Dafydd ap Hugh has devised an interesting little exercise in ethical theory, which –if nothing else– will give all our liberal friends another opportunity to feel morally superior.
You are a CIA station chief in an undisclosed, secret CIA prison in Poland (with Warsaw’s consent). A prisoner is brought to your location, picked up by the Germans in Afghanistan and transferred to U.S. custody six days ago. We’ll call him Mahmoud.
Mahmoud was not previously known to any intelligence agency before his capture (he was not the main target of the raid). He doesn’t appear to be a big fish. But when he was grabbed, he had a laptop with him, and he was in the process of trying to erase the hard drive. Most of the information is irretrievably gone, a little bit remains; and within that remaining little bit, your techies manage to extract references to a huge attack planned for somewhere on the American mainland. From the timeframe discussed, it appears to be one to three months away. You don’t know anything more than that.
You do not know for sure whether Mahmoud has more detailed information about the attack, but he evidently knew enough to try to erase the drive, even at risk of his own life. He has already been interrogated by the Marines and by CIA personnel where you are, but it’s clear he has more information that he’s holding back. The timeframe is tight enough that you must make a decision immediately, but not so tight that there would be no time to act on any information.
So what you know is this:
A major attack is planned somewhere in the continental United States;
Mahmoud may or may not be a major player, but he appears to know something significant about it;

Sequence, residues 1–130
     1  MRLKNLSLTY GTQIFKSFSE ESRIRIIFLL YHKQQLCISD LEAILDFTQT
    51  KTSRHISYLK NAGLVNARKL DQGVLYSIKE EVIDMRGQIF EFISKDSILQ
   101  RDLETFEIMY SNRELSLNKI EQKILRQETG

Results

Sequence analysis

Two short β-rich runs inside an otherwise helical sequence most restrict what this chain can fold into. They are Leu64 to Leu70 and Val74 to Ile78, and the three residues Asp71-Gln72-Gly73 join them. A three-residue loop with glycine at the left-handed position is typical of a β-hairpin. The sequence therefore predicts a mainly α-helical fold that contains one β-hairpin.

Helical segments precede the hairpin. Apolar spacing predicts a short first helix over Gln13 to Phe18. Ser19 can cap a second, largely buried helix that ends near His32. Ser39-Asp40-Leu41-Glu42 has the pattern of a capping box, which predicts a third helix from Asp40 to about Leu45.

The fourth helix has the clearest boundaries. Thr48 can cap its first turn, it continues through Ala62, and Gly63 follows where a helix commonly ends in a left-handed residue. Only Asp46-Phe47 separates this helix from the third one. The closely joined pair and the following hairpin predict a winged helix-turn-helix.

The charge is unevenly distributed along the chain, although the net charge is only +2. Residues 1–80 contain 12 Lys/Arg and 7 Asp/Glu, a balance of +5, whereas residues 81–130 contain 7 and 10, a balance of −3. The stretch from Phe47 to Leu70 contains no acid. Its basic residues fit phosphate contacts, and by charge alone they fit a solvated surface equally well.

However, he might not know enough to allow authorities to thwart the attack. But on the other hand, he might;
He would not talk under ordinary interrogation. You might be able to break him given time, but every week that passes makes it less likely his intelligence can be used to stop the attack.
We add one more point:
You already have solid evidence that he participated in some attacks on American troops that resulted in fatalities. So if we want to try him later at a military tribunal, we don’t need a confession to convict him; we already have ample forensic evidence.
You ask the DCI whether you can waterboard him; word comes from the White House via the DCI that you are authorized to waterboard Mahmoud, but you must use your own discretion whether you actually do it: You are the only one close enough to the scene to make that call. You get the impression that the president will stand behind you, whatever you decide… but of course, that only applies to this particular president. You don’t know who will be president in 2009.
So the question is, do you order Mahmoud to be waterboarded?
But, are we only allowed to water-board him?